Cassini probe teases with intimate Enceladus snaps

Beams back first images from Saturnian moon fly-by

Image of Enceladus taken during Cassini fly-by. Pic: NASA/JPL-Caltech
Enceladus from Cassini during this week's fly-by. Pic: NASA/JPL-Caltech

NASA has published some unprocessed images of Saturn's moon Enceladus, grabbed earlier this week when the Cassini spacecraft swooped to within 49km (30 miles) of the icy satellite's south polar region.

Images from the intimate encounter include Enceladus posing with Saturn's rings...

Enceladus and Saturn's rings. Pic: NASA/JPL-Caltech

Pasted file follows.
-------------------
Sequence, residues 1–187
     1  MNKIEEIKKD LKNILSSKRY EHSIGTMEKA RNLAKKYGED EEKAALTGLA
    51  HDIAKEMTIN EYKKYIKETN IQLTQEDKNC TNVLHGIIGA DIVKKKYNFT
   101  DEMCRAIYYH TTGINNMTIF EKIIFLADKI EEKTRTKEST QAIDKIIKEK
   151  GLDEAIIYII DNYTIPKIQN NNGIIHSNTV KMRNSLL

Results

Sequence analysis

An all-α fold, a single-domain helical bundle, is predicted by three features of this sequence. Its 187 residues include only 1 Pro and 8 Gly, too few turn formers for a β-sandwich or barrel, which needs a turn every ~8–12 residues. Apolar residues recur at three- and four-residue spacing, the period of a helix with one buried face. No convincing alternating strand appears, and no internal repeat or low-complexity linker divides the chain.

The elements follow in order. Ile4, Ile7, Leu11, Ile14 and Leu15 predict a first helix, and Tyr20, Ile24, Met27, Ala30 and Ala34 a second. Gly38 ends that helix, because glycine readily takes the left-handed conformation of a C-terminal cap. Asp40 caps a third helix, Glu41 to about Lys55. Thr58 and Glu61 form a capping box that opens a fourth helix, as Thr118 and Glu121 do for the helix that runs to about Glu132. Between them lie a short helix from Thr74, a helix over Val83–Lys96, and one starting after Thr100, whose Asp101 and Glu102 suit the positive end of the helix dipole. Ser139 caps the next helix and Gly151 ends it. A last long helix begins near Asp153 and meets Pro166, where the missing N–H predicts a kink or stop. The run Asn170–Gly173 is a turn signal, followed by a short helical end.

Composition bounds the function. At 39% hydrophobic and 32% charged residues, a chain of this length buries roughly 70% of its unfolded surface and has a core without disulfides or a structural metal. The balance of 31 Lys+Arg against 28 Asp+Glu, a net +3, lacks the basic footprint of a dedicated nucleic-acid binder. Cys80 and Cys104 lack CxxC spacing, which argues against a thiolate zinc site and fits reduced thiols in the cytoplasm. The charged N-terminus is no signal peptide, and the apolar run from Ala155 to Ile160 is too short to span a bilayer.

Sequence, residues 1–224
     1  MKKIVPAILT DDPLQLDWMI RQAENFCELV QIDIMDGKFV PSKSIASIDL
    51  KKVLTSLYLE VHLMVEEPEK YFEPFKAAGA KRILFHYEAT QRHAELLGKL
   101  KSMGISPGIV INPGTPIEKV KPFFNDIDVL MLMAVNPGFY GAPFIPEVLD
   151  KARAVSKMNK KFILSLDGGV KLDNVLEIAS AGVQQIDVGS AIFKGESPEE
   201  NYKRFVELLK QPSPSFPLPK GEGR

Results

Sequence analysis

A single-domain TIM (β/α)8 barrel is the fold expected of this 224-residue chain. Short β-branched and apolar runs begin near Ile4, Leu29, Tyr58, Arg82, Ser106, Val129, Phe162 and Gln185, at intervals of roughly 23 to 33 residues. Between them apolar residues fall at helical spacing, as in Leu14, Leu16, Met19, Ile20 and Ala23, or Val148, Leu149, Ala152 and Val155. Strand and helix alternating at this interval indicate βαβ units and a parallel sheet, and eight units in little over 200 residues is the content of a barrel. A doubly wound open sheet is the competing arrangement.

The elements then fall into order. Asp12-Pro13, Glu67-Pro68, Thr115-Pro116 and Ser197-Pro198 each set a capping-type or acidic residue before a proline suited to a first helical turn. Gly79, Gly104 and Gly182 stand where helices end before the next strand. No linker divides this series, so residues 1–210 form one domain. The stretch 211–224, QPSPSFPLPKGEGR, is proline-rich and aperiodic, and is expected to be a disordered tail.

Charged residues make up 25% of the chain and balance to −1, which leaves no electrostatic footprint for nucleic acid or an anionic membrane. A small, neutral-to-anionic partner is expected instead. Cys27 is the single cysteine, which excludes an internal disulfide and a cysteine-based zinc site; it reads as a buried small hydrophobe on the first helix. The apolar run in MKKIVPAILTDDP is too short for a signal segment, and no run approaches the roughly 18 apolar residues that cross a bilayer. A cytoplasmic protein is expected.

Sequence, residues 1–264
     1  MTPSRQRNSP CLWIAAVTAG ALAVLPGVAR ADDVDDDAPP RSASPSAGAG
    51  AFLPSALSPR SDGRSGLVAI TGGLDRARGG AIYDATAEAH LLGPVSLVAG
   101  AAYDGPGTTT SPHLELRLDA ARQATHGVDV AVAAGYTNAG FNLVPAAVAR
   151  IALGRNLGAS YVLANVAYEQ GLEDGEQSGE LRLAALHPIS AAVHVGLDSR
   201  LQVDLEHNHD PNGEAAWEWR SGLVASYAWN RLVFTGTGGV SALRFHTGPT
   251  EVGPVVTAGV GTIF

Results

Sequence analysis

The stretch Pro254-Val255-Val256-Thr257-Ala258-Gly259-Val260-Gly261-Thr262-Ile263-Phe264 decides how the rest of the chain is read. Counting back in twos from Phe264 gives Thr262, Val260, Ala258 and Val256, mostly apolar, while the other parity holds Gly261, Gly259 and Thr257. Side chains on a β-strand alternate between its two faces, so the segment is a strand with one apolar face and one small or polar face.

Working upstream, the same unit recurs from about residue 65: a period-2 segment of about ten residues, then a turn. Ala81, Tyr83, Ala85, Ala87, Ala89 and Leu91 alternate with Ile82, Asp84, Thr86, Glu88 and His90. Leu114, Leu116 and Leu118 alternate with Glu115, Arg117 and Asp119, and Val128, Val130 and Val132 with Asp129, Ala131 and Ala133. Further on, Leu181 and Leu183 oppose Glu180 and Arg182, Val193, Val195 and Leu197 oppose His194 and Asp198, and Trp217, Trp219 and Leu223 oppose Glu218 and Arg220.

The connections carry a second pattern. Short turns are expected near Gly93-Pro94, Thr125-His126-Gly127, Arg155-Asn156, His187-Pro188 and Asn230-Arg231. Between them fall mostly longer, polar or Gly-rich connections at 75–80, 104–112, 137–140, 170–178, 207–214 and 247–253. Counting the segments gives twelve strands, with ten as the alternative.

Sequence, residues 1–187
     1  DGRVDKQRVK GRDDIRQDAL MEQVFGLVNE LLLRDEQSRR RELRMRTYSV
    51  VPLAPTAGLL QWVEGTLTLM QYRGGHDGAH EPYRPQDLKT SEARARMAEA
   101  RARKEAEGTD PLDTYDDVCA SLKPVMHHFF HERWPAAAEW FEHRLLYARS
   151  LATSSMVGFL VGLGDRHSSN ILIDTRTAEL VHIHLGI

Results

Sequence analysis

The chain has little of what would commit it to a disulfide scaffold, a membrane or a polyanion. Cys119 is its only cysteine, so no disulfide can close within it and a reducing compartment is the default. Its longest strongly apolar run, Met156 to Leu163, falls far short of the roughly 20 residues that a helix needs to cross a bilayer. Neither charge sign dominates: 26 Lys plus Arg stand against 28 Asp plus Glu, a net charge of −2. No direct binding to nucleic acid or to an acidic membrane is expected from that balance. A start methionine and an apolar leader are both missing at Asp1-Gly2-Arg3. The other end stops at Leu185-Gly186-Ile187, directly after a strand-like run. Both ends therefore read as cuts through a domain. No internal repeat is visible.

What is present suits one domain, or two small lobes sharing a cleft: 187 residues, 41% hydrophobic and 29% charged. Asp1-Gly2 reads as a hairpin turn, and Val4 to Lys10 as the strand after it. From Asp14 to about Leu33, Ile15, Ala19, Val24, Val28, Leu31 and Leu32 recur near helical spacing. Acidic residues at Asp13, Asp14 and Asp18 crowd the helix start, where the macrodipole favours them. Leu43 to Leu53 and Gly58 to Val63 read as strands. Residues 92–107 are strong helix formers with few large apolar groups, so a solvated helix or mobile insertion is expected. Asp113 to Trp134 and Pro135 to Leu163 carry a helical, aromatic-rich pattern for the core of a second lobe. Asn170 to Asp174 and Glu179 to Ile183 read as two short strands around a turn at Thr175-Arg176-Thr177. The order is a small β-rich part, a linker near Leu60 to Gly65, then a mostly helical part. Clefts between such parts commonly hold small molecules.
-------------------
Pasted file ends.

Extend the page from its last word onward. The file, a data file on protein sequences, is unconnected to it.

...a full-length portrait...

Cassini's full view of Enceladus. Pic: NASA/JPL-Caltech

...and an interesting close-up:

Cassini's close-up of the surface of Enceladus. Pic: NASA/JPL-Caltech

While NASA says there will be more imagery to come, it stresses that the primary objective of the fly-by was to get samples of the moon's liquid plumes, which erupt from a sub-surface ocean.

The space agency explains: "Researchers will soon begin studying data from Cassini's gas analyzer and dust detector instruments, which directly sampled the moon's plume of gas and dust-sized icy particles during the flyby.

"Those analyses are likely to take several weeks, but should provide important insights about the composition of the global ocean beneath Enceladus' surface and any hydrothermal activity occurring on the ocean floor." ®

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